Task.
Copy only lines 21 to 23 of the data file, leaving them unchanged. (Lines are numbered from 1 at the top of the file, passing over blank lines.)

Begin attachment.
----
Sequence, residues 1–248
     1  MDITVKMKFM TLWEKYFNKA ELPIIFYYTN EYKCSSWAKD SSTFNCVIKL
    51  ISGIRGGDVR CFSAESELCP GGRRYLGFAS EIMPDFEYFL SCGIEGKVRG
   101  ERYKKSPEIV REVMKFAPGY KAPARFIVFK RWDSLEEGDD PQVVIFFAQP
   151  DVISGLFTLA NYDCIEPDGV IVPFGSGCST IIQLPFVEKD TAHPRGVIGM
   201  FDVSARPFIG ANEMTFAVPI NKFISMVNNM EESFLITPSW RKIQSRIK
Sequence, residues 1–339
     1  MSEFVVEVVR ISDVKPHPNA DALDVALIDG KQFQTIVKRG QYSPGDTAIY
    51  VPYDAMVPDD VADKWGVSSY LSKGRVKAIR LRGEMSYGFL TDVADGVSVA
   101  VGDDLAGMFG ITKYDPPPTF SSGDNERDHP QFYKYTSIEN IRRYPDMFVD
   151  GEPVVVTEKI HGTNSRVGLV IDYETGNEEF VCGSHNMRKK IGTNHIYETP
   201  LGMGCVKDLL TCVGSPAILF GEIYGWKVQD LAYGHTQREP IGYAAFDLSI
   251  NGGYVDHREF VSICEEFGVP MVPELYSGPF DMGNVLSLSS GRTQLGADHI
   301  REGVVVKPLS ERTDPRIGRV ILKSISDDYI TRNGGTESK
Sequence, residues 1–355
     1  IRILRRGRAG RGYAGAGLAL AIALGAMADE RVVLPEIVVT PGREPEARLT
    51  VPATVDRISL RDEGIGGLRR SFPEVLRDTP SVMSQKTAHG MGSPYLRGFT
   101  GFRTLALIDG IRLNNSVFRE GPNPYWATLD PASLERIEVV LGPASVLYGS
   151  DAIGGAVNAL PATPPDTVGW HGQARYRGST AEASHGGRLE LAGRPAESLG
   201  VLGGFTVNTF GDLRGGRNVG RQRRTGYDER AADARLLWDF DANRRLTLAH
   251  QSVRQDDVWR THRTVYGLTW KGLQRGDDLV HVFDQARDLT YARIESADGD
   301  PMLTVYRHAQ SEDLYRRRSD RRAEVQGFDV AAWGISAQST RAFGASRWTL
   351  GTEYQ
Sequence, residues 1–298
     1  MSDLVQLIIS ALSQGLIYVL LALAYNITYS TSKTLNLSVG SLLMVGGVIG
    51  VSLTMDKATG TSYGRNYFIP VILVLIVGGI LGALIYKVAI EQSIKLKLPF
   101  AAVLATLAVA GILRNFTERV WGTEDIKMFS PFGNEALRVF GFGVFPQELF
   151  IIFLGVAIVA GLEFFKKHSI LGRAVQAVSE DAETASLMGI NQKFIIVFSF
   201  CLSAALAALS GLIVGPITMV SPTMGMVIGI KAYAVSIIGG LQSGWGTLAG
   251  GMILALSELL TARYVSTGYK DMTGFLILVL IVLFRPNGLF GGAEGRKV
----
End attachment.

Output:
   251  QSVRQDDVWR THRTVYGLTW KGLQRGDDLV HVFDQARDLT YARIESADGD
   301  PMLTVYRHAQ SEDLYRRRSD RRAEVQGFDV AAWGISAQST RAFGASRWTL
   351  GTEYQ